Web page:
Why France’s most elegant city should be your next holiday destination

Advice

This wonderful old city is enjoying a dynamic new lease of life. Here are the best ways to experience Bordeaux

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After 22 years in office, Alain Juppé – the former French prime minister – quit as mayor of Bordeaux last month. He’d done great things. Under his direction, the port city and wine HQ woke from 20th-century slumbers, gaining dollops of dynamism. Bordeaux had long been monumental and elegant – a capital city in search of a country to rule – but had grown scruffy and ponderously self-important.

Juppé put it back in touch with its Latin side, fostering festivals, culture and redevelopment, threading trams through it, reclaiming the banks of the Garonne from prostitutes and addicts, cleaning facades so the Bordeaux town and riverscapes were again among the noblest in France, thus giving the city a sense of world status.

This was enhanced in 2017 by the arrival of the TGV, putting Bordeaux two hours from Paris. It will be further underlined this summer when the Museum of the Sea and Seafaring opens in what used to be the wet docks, where the Nazis stocked their submarines (mmmbordeaux.com).

Before that, on June 20-23, the city’s biennial River Festival brings sailing ships, concerts, wine and nautical shows to the Garonne (bordeaux-fete-le-fleuve.com). It also kicks off a summer-long roster of cultural events on the theme of Liberty (libertebordeaux2019.fr).

Stay here

Of the rash of new hotels, the poshest is the five-star, marble’n’modern design Palais Gallien (1) in 19th-century surroundings on Rue Abbé-de-l’Epée. Decent restaurant and rooftop terrace, too (0033 557 080127; hotel-palais-gallien-bordeaux.com; doubles from €230/£197).

Among an earlier crop of newcomers, I rate the slightly off-centre Seeko’o (2) on Quai Bacalan, with its all-white exterior (“iceberg,” says the hotel PR, “big fridge,” I say) and bright interior full of young staff who seem to like customers (0033 556 390707; telegraph.co.uk/tt-seeko-o; doubles from €150/£129) or ultra-central, playful Mama Shelter (3) (0033 557 304545; telegraph.co.uk/tt-mama-shelter; doubles from €99/£85).

Palais Gallien

Palais Gallien

Credit:
YORIS PHOTOGRAPHER

Walk here

Start at the tourist office (4) at 18 Cours du 30 juillet, crossing to the Place des Quinconces (5), vast enough to welcome a small war and embellished by the delirious Girondin monument of half-naked men, bare-breasted women and fishtailed horses. Now stroll up river.

Once gloomy and menacing, the banks are now bright with life, populated by families and kids who scream with delight as they kick through the huge water mirror before the Palais de la Bourse (6), the sumptuous 18th-century stock exchange building built on the back of wine, spices, slaves and supreme confidence in the rightness of it all.

Head to the river

Head to the river

Credit:
istock

Plunge into the old centre, around the St Pierre church and plunge out again to the Golden Triangle. Here, the city’s medieval heart was ripped out by colonial loot to be replaced by stately open space and neoclassical declarations of unshakeable self-belief.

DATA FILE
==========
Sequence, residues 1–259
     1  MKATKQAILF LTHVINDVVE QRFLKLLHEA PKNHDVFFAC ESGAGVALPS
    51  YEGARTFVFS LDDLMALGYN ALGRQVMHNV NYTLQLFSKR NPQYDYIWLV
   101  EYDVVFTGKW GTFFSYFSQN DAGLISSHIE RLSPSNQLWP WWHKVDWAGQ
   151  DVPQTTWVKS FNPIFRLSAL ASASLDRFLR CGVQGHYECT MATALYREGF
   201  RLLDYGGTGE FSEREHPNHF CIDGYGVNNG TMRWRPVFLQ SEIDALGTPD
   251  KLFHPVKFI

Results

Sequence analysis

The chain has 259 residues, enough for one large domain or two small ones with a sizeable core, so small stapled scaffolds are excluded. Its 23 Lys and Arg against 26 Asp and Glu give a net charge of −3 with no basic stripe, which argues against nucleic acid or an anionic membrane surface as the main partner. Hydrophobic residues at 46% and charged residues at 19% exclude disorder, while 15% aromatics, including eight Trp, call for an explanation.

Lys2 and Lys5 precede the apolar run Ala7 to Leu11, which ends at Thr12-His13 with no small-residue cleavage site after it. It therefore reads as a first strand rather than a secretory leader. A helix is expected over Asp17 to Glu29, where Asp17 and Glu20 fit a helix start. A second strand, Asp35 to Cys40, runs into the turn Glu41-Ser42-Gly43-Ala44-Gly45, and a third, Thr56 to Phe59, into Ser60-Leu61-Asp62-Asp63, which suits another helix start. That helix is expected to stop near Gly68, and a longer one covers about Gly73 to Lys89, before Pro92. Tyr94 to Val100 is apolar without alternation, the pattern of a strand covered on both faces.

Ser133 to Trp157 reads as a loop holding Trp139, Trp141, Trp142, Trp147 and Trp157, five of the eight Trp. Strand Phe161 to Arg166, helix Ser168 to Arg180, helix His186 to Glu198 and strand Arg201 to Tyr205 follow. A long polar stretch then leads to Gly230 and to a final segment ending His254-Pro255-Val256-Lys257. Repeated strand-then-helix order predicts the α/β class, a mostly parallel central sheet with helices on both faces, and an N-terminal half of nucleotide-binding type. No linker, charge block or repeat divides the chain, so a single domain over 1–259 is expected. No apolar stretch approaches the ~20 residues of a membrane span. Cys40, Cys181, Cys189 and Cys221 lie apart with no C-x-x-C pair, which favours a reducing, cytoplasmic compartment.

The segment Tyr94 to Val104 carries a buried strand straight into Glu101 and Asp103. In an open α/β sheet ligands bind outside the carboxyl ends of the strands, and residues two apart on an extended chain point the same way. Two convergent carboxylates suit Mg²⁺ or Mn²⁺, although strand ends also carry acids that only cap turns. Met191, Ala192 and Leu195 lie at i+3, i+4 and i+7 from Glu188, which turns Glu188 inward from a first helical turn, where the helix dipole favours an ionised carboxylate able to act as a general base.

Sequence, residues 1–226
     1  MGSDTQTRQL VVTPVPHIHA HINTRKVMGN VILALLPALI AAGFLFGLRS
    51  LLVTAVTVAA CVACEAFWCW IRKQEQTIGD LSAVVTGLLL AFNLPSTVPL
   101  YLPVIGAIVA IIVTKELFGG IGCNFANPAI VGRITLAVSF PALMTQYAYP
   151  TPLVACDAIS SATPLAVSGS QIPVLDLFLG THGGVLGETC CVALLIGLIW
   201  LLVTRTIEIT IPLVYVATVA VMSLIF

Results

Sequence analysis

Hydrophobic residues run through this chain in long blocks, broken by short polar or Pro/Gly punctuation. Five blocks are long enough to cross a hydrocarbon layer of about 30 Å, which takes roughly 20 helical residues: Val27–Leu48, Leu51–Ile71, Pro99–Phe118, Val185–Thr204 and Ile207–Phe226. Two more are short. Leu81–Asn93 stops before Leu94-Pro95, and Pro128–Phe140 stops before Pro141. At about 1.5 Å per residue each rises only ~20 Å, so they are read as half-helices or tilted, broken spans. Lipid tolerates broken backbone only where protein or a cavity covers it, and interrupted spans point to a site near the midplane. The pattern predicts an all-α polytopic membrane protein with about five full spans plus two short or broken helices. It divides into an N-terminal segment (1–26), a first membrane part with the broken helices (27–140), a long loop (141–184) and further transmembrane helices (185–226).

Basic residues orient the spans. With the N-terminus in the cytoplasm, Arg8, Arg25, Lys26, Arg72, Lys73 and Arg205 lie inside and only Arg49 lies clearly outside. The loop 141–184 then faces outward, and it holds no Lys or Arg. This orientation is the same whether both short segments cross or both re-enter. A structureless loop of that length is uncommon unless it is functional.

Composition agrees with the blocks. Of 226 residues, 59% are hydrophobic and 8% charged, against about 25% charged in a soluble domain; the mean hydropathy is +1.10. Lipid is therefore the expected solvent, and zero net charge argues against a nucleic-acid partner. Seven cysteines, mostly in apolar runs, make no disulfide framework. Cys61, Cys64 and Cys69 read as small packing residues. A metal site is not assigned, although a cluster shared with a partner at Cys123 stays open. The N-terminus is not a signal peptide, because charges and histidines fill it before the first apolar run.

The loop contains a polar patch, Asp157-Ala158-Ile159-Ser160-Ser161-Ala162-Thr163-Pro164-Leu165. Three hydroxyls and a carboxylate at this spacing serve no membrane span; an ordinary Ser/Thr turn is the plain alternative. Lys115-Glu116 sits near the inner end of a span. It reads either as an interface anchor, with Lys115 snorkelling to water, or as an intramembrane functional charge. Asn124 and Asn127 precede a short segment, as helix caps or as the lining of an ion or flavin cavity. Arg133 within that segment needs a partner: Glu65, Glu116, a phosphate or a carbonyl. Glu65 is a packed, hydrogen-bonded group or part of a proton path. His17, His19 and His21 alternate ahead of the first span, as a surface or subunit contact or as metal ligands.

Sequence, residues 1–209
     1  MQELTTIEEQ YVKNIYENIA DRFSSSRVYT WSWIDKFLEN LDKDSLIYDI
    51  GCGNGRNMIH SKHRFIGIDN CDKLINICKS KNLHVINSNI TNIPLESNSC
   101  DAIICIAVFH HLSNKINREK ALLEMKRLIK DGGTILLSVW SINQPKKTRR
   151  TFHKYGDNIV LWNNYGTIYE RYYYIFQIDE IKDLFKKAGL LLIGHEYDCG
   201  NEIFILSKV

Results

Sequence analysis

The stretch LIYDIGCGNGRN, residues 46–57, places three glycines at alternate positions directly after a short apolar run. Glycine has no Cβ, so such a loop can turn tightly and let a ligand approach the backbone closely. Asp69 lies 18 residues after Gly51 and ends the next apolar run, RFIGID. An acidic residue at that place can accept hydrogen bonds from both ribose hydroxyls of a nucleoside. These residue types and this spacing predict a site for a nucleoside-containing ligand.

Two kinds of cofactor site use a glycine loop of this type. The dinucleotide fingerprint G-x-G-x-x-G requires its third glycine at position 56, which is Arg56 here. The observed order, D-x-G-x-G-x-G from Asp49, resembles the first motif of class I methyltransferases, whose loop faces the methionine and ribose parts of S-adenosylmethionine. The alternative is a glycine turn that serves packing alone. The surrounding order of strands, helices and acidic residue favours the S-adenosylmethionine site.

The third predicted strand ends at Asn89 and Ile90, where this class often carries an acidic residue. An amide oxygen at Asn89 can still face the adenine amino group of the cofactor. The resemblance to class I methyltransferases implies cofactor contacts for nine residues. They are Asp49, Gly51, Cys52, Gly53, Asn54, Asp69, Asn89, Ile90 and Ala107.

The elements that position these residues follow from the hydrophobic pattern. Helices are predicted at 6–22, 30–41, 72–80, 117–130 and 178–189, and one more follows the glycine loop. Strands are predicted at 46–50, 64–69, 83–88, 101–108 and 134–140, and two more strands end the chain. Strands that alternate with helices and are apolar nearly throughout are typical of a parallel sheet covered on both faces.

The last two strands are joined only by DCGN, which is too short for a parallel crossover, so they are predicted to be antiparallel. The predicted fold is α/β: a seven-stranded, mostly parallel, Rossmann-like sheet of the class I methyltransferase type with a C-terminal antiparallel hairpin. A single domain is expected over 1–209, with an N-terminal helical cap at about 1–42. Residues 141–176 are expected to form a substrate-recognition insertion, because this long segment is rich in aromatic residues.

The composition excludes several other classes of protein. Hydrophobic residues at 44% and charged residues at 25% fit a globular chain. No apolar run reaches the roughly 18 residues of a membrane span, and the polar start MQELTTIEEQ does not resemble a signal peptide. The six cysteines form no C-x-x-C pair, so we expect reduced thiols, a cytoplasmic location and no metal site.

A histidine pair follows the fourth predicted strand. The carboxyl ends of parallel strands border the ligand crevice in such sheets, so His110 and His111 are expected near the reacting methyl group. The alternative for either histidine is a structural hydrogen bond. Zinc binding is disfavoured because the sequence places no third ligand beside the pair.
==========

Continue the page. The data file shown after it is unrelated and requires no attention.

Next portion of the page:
See this

The Cité du Vin (7) is Europe’s greatest wine museum and exhibition centre. As it should be. This is Bordeaux, for heaven’s sake. The shiny swirl of a building contains a six-storey interactive romp through the world of wine and attendant subjects: art, culture, sensuality, transport and more. Tastings proliferate (laciteduvin.com/en; €20/£17).

Cité du Vin

Cité du Vin

Credit:
GETTY

Try this

Contact Sylvie Berteaux at Miam-Bordeaux for a two-hour gastronomic-cum-historical walk through Bordeaux’s medieval innards, with food tasting along the way (miam-bordeaux.fr; from €29/£25). In the afternoon, cross the river to the Darwin Eco-System – a former barracks now hosting an urban farm, eco-shops and a restaurant, an al fresco bar with terrific views over the Garonne, exhibitions, a skate-park and everything else in the alternative air-du-temps (darwin.camp).

Shop here

The most reasonable retail clusters along and around Rue Sainte-Cathérine (8), the longest pedestrianised street in France.

Drink here

Make for Le Wine Bar (9) at 19 Rue des Bahutiers (lewinebarbordeaux.com), Frida and its interior garden on Rue Buhan (frida.fr) and/or Aux 4 Coins Du Vin (10), with its card-operated wall dispensers, in the old town maze on Rue de la Devise (aux4coinsduvin.com). 

Eat here

Tanguy Laviale’s Garopapilles (11) combines a wine shop with a Michelin-starred restaurant (0033 972 455536; garopapilles.com; lunch €39/£33, dinner €90/£77). Scot Daniel Gallacher offers top-end value for money with a weekly-changing menu at Racines (12) (0033 556 984308; facebook.com/restaurantracinesbordeaux; lunch from €19/£17, dinner from €29/£26).

A dish at Garopapilles

A dish at Garopapilles

New last year was La Boca 14-restaurant food court down by Quai Paludate (13) (labocafoodcourt.eu) and new this year is Fabien Beaufour’s Cent 33 with its well-worked sharing plates (0033 556 159040; cent33.com; dinner from €50/£43).

Off the map

You’re in Bordeaux. You need to see vineyards and taste wine. Bordovino half-day trips have never let me down (from €72/£62; bordovino.fr).

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